Shades of Kaschke: Christopher McGrath aka Scrooby

The last few years have seen more than their fair share of abusive libel actions but none quite so bizarre as the infamous cases in which Johanna Kaschke sued bloggers Dave Osler and John Gray, and LabourHome owner, Alex Hilton, for libel, as a litigant in person. Those cases are very well documented by David Allen Green at his personal Jack of Kent blog and provide an object lesson is how readily English libel law can be abused by a vexatious litigant to pursue claims that are entirely without merit and harass their critics.

With moves to reform English libel law well in train, thanks in no small measure to the excellent Libel Reform Campaign, organised by English PEN, Index on Censorship and Sense about Science in the wake of the British Chiropractic Association’s failed libel action again Simon Singh, I had thought that we might be spared the unedifying sight of another Kaschke-style venture into unmerited litigation, but it appears that I was wrong.

Vaughan Jones is an atheist with a Twitter account – @vaughanjones82 – and a couple of small personal blogs hosted on Blogger called ‘Everything is OK‘ and ‘Me (and others) vs Creationist’, and its the contents of this second blog that are of particular interest here.

Vaughan is being sued by a Milton Keynes-based local government consultant cum would-be online entrepreneur named Chris McGrath who, using the alias ‘Scrooby’ published a book in Janaury 2010 under the title; ‘The Attempted Murder of God: Hidden Science You Really Need to Know‘. The book is one of numerous ‘I can prove god exists’ titles spawned by the commerical success of Richard Dawkins’ ‘The God Delusion’, and like other title in the ‘Why Dawkins is wrong’ genre its a work of pseudoscientific nonsense which contains little or no actual scientific content – e.g. the sole ‘customer review’ of the book at Waterstones notes that:

It’s not too heavy on the science and I counted one equation, like the square root of minus 1 is the same as the square root of 1, and that was about it on the maths, so easy to get into as a read.

The author of this ‘review’ – ‘Tony B’ – starts out be claiming to be a a ‘total skeptic’ and concludes, implausibly, by claiming that the book’s arguments are so compelling that he ‘might go to church on Sunday’, making this one of those comments which naturally raises suspicions that what you’re reading isn’t so much a customer review as a piece of author-generated spam. Be that as it may, informed opinion on the contents of the book, based on a couple of chapters that McGrath made available on his own marketing website, indicates that’s is nothing more than a Gish Gallop through the tired old ‘God of the gaps’ argument and therefore the kind of book which fully deserves to languish in its own obscurity.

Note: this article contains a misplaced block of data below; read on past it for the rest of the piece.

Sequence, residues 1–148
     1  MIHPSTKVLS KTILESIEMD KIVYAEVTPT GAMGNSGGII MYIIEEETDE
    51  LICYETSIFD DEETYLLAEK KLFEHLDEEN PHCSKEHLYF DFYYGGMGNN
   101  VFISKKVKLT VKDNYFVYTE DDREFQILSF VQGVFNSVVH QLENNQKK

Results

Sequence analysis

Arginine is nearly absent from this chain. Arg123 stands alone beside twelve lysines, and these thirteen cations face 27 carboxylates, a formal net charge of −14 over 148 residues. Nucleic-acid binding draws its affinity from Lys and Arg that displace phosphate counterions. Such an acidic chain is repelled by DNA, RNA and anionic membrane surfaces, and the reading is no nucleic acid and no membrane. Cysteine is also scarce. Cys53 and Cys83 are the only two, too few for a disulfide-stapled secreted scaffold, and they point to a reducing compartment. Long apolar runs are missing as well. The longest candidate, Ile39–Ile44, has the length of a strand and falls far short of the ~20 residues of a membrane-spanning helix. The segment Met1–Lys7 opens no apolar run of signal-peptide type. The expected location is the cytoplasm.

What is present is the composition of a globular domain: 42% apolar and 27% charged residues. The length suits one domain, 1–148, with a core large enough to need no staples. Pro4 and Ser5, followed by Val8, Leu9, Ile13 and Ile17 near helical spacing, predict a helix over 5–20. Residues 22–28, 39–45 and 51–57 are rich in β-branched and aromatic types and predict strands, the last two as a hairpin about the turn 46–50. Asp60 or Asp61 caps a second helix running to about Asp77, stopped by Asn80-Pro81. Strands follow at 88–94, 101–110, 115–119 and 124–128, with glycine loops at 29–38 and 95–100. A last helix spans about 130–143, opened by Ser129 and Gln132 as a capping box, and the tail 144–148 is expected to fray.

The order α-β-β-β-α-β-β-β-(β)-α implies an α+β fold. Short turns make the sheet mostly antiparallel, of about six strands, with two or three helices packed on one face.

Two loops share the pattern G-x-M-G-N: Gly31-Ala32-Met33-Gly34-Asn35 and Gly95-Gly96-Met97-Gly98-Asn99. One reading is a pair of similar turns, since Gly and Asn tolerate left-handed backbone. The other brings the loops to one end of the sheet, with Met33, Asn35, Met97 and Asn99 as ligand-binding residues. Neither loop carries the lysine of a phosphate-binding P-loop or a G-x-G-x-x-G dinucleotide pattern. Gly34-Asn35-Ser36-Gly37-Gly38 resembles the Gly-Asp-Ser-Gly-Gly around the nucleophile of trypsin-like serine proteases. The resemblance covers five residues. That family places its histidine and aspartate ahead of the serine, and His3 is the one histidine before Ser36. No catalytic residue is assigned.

And that would almost certainly have been the fate of this book had its author not used the customer review facility on Amazon’s website to spam the launch of Stephen Hawking and Leonard Mlodinow’s much anticipated book ‘The Grand Design’.

Vaughan, by his own admission, wrote a short, uncomplimentary review of McGrath’s book on Amazon’s site and ran a few background checks on McGrath’s alias ‘Scrooby’, suspecting that he may have linked back to a UK-based creationist/fundamentalist organisation. What he found instead appeared, as he saw it’ to be little more than a vanity publishing operation, outing ‘Scrooby’ as McGrath in the process.

Vaughan own account of the events leading to the libel action he now faces is given here, albeit that some information is missing due to law suit against him, and a couple of recent posts set out the nature and identity of the claims made against him, which run to 16 pages. Avid Dorries watches might like to note that a mildly injudicious if innocuous reference to McGrath’s children by name, put up as bait to confirm that McGrath and ‘Scrooby’ were one and the same person, resulted in a complaint to the police which they appear to have ‘no crimed’ without bothering with an investigation.

It is also worth noting that, despite having marketed his book for somewhere close to nine months as a genuine contribution to the anti-Dawkins genre, McGrath quickly responded to minor shitstorm that ensued after he spammed the Amazon entry for Hawking and Mlodinow’s book, by switching tack and claiming that his book was, in fact, a deliberate parody/satire of the ongoing science vs religion debate, offering a refund to anyone who purchased the book before this apparent deception had been revealed. Absurdly, given this self-admitted deception, part of McGrath’s claim is based on the assertion that statements made before he perform this abrupt U-turn, which suggested that he might be a creationist/religious fundamentalist, should be considered to be defamatory.

Seriously – if we take McGrath’s claim that the book is a satire at face value, then he set out to deliberately create a Poe, pulled it off with a degree of success and is now suing Vaughan for defamation based on the fact that he was taken in by it.